One of the awesome gifts of being a manager and recruiter is that we get to see people transform their careers — from shy college grad to director. Britta Alexander joined me at Ammirati pretty much right out of Florida State. And now, she’s successfully guided her content design agency into its fourth year, along with husband and co-founder Ian.
One thing that hasn’t changed: I come away from every interaction with Britta smarter, energized and inspired. She’s a classically-trained writer and editor (MFA from Vermont College), who gives words a workout like you’ve never seen. And Ian is a techie/social media savant with supernatural powers.
Their company, Eat Media, helps clients define their communications goals and deliver content designed to build trust, boost traffic and sales.
My goal for our interview was to gain insight into their business planning process by reviewing the past year.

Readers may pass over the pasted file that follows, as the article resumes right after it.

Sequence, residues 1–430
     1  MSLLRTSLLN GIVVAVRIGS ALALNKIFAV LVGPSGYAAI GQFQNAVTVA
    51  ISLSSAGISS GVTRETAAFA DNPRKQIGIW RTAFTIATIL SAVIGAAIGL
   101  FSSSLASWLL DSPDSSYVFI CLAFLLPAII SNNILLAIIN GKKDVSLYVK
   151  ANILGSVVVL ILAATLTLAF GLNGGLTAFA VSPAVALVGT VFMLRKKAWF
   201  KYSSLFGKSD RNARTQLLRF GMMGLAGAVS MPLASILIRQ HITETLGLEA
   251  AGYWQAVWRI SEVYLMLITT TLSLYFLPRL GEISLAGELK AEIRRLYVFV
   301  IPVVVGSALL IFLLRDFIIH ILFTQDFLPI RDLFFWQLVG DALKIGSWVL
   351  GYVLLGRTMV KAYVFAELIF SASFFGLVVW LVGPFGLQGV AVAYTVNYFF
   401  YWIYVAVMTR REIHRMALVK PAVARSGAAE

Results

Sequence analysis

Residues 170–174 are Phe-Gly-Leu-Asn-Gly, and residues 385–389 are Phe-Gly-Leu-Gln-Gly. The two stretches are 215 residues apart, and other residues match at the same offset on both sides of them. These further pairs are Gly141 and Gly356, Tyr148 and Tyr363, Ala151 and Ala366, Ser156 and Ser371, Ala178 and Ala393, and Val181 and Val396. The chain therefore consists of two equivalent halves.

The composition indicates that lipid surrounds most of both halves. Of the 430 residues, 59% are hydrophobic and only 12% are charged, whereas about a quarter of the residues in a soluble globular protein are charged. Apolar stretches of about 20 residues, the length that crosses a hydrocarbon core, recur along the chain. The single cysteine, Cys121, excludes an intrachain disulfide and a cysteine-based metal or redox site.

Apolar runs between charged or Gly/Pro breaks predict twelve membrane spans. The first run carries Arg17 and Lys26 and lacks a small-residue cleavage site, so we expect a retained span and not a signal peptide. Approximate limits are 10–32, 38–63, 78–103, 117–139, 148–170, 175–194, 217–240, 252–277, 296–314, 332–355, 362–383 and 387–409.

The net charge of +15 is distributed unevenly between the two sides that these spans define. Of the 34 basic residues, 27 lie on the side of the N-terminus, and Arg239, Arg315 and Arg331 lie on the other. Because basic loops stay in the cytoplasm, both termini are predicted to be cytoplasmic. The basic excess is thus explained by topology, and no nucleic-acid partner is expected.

JS: What goals did you have for Eat Media at the beginning of 2010, and how did they evolve over the year?
IA: Our goals are posted on the wall. For example, we wanted to increase our presence online and at conferences. We wanted to launch two custom web tools. We outlined the number of new clients we wanted, and our next four hires. They were aspirational goals, but it helped to check in with them throughout the year. Then we fired our biggest client, and spent the second half of this year redefining our business and rebranding ourselves.
BA: We fired the client because we realized our business was being defined less by our interests and more by the client’s needs. We needed to get back on track and re-position Eat Media as a full-service agency, not just a content agency. Because no matter how good the content is, if it’s living on the wrong CMS or a poorly-designed site, no one’s going to read it. Which means it’s not going to meet the client’s goals. So it’s important for us to manage the entire process—content, strategy, design and development.
JS: Last December, Ian blogged about ‘Top 5 Mistakes I Made in 2009.’ What are your big learnings from this year?